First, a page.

Wednesday, April 24, 2013

deja Bahrain

Whoa is Rosberg and the Mercedes on race day.  This is the same kind of performance we saw time and again last year.  One of the fastest cars on the track for one lap and some possibly good qualifying speed, but then slowly losing position throughout the race.  Is this a tire issue?  That might explain why Hamilton was able to gain position.  He is very good in dealing with a squirrelly car with low traction.   And if Rosberg's rear tires were going off prematurely, then that would explain why he was so easy to pass.  Not being able to lay down the power out of the corners would make him a sitting duck.

The opening laps were amazing.  Heck, the first corner was crazy.  Rosberg defended his P1 position so aggressively from Vettel, that he nearly opened the door to Alonso to pass them both from 3rd.  But Vettel eventually regained not only his 2nd position from Alonso, but then passed Rosberg to take the race lead and basically hold it for the rest of the race.  Because, really, once Vettel took the lead he just walked away from the rest of the crowd.  At one point he had a 24 second lead over di Resta and was able to pit and return in the same position.

The Force India of di Resta did a great job and nearly made the podium.  But it was still a great result for the Scotsman as he showed a great deal of car control and maturity as he let the Lotus of Grosjean past with five laps to go.  The fresh tires of Grosjean were no match for di Resta on his two stop strategy.

About the only people to have a worse day than Rosberg would be Alonso and Massa.  Alonso's broken DRS really inhibited his progress, but even with two extra pit stops, he did make a valiant effort.  Massa with his broken front wing led to all sorts of problems with his tires.  First, the wear rate was far higher than expected, then multiple punctures on his right rear didn't help either.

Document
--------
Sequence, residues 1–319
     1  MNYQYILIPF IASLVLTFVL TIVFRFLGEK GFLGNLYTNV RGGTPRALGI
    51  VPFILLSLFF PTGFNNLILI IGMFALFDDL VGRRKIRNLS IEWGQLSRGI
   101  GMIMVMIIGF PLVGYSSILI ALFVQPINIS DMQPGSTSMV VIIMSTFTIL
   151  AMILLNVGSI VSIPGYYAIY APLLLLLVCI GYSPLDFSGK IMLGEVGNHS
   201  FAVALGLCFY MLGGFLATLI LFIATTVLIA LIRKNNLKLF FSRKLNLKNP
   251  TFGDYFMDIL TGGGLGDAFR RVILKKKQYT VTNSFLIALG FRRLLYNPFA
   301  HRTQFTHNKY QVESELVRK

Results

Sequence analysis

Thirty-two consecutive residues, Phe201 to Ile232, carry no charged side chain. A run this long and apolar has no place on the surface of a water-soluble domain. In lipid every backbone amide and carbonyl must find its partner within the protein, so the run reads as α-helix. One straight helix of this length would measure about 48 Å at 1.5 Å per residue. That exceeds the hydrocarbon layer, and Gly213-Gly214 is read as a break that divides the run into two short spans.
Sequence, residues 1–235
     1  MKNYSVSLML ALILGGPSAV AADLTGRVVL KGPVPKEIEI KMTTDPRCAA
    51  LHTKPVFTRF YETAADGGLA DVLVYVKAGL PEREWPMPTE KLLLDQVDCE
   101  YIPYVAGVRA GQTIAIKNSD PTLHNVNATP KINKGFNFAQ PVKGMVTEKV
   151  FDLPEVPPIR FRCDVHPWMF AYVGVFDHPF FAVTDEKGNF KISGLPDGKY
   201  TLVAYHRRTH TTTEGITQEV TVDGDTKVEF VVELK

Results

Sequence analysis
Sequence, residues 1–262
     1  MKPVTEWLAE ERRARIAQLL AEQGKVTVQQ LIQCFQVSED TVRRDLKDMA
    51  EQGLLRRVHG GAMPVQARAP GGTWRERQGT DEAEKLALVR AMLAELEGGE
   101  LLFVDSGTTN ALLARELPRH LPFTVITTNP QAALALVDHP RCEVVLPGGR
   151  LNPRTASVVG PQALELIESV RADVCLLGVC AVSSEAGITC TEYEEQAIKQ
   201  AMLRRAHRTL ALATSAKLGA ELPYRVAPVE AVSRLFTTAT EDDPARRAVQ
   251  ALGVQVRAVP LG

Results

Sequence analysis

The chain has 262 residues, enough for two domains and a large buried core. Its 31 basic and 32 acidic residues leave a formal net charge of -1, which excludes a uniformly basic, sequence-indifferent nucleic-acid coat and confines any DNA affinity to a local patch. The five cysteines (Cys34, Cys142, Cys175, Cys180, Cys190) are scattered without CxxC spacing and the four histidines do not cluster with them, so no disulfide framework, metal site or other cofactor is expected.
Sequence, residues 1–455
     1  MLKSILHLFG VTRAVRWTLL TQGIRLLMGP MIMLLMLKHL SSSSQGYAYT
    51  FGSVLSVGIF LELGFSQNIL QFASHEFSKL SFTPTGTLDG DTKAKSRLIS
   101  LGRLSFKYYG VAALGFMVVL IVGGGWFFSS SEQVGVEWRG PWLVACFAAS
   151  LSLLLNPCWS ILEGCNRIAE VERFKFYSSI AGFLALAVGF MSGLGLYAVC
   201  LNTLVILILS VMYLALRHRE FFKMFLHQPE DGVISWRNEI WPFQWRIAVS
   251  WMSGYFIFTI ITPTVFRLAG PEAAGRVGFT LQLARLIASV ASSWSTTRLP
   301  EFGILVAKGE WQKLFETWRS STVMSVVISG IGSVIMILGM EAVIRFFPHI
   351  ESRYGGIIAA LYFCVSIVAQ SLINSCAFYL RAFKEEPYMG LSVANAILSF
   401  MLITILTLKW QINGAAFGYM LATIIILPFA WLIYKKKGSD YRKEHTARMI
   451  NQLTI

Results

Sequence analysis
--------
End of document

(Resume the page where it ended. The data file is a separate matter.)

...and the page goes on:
Yeah, that'll affect handling.
What I'm a bit confused about this season is the passing.  Or more specifically the defending.  As was beaten into the collective minds of the sport for the last few seasons is one move and you must leave a car width on track if you are the defender.  On top of that, if you have two cars side by side with even a marginal overlap, the car in front is supposed to allow space for the other car on track.  We saw a lot of cars being pushed off track.  The top three culprits being Rosberg, Perez, and Webber.
F1 meets WRC
 Last year we would've seen notices of a steward's investigation of an incident.  And like 99% of all investigations, they would determine something after the race, which is annoyingly pointless, but that's another article.

Still, we had a lot of action.  And again, action between teammates.  This time Perez and Button.  Sadly, Button just sounded like a whiny bitch on the radio.  But it was a bit ridiculous to get tapped in the rear tire by you own teammate.
Team players.
So, overall, a really entertaining race.  It would've been interesting to see where the Ferraris ended up had they not had the myriad mechanical issues.  But, still a fun race even if we got a repeated podium.  Well, except for this:
This is a race EE.
Which gets to my last and only real gripe.  To Leigh Diffey, Steve Matchett, and David Hobbs, the constructor's representative on the podium is an engineer who happens to be a woman– not a girl, a woman.  Holy crap, guys, it's like you'd never seen a woman who worked in motor racing other than holding a grid sign!  I realize that you had no idea who this person was until Vettel mentioned her name and function in the interview with David Coulthard, but you could have attempted not to be blubbering blithering idiots for a few minutes up to that point.  Maybe you could've noticed that only 1 of the 3 governmental representatives actually shook her hand, because, well, women are scary.  But, fuck, just because some folks have ridiculous misogynistic institutional fears doesn't mean you have to stoop to their level of cluelessness.

Gill Jones is responsible for all the electronics in the car and garage.  That's right, all the fricken wiring, telemetry, radios, computers, fiddly buttons on steering wheels, ecu, KERS, etc.  She's been at this game for a good number of years along with a good number of other folks who just happen to be female.  You might want to take note, she is part of a large and growing segment of the population.  Try not to act like a sexist neanderthal.

Alcohol content: buzzin' (dark and stormy ++)

Monday, April 8, 2013

2013 Malaysian GP

Took me way to long to get back into writing and thankfully there are three weeks between Malaysia and China, otherwise, this would be completely irrelevant (versus the normally mostly irrelevant) by the time I hit publish.